North America's Tallgrass prairie once covered 170 million acres, but has been developed and plowed under. Less than 4% now remains, mostly in the Kansas Flint Hills. The preserve (outside of the heritage area) protects a nationally significant remnant of tallgrass prairie.


Hours

Trails are open 24/7.

Visitor Center:
May - October: 8:30 a.m. - 4:30 p.m., daily
November - April: 9 a.m. - 4:30 p.m., daily

Contact Information

2480B KS Hwy 177
Strong City, KS 66869
Phone: 620-273-8494
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Location Type

Kid-friendly
Historic Home
Museum
Interpretive Signs
Natural Area
National Register of Historic Places
Walking Tours

Site Info

Parking
Restroom
Hiking
Wheelchair
AC / Heating
Giftshop
Group Tours
Hiking Trails
Parking
Restrooms
Staffed
Wheel Chair Accessible

Though this site is outside of the borders of Freedom's Frontier National Heritage Area, its stories connect with ours and it is one of our National Park Service partners.

Nearly 11,000 acres of wide open space, beautiful vistas, seasonal wildflowers, wildlife, bison herd, and plenty of solitude is waiting at the Tallgrass Prairie National Reserve.

Spring brings prescribed burns, blackened earth with white limestone ridges along the hill sides, then a green carpet of grass within two weeks, ready for seasonal grazing cattle brought in on cattle trucks.

Summer has prairie grasses growing and cattle grazing as puffy clouds cast shadows as they skirt along the rolling hills of the prairie. By mid July cattle are "gathered" off the prairie by cowboys on horseback and loaded back onto semi trucks.

Fall arrives with tallgrass prairie grasses reaching their maximum heights and the answer to "where's the tallgrass?" that has been asked all year long. Grasses reach from waist high to well over a person's head, with seed heads in bloom and stems turning a golden hue to bronze; a breathtaking view of the less than 4% remaining of the tallgrass prairie ecosystem.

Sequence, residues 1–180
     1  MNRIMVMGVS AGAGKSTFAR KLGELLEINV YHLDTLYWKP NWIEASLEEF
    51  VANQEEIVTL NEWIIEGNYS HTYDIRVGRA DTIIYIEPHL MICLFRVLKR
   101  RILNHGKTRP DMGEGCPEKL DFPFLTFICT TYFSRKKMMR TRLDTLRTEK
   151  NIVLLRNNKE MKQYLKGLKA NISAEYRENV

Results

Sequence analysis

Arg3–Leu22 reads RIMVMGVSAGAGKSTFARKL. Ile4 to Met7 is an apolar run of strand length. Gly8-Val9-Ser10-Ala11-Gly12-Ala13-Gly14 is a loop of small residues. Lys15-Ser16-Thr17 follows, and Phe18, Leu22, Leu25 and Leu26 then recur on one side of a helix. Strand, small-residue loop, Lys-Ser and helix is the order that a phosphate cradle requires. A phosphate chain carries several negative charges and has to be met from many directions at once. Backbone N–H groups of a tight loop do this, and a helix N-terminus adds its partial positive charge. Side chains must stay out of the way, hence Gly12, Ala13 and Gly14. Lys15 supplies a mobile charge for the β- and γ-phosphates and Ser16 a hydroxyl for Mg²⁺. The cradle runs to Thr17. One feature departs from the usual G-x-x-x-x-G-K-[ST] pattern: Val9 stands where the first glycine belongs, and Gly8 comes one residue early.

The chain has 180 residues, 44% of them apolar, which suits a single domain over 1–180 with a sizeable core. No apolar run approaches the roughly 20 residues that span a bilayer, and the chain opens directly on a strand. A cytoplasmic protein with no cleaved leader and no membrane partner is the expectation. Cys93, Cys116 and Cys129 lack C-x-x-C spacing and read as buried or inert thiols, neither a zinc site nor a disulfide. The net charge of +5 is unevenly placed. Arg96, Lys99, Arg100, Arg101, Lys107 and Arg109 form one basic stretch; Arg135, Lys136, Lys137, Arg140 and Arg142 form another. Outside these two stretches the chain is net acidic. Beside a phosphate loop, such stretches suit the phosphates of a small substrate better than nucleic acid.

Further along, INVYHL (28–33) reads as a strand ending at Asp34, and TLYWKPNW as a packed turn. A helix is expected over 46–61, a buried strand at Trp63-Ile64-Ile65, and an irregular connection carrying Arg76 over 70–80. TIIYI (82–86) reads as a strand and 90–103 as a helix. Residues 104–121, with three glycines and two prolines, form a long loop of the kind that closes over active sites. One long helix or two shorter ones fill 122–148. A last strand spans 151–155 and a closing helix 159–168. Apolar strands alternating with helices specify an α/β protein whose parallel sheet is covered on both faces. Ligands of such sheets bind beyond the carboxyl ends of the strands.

With Winter comes cold, snow, and a beautiful setting of isolation on the tallgrass prairie. Tallgrasses are blown over and animals use them for cover against the elements. If you go for a hike, you may see the bison herd foraging among the knocked down grasses with snow on their backs.

Seen throughout the entire year, cultural history and magnificent 1880s limestone buildings that represent the end of the open range to the time of enclosed ranch holdings.

The preserve offers many opportunities to make a meaningful connection to the prairie and the people that lived here. We hope you will have fun, make lifelong memories, and develop a deep appreciation for this very special place. There is something for everyone here at Tallgrass Prairie National Preserve. Come experience this jewel of the Flint Hills.

A 10-minute site orientation video is available at the visitor center. Presentation is open-captioned with audio-description available via headsets and/or hearing aid loop. A script is also available upon request. The preserve's main brochure is now available in Braille at the visitor center desk. It is also called the Black Band or Unigrid brochure. Some parts of the site are wheelchair accessible; others are accessible with removable ramps. Ask a park ranger for assistance.

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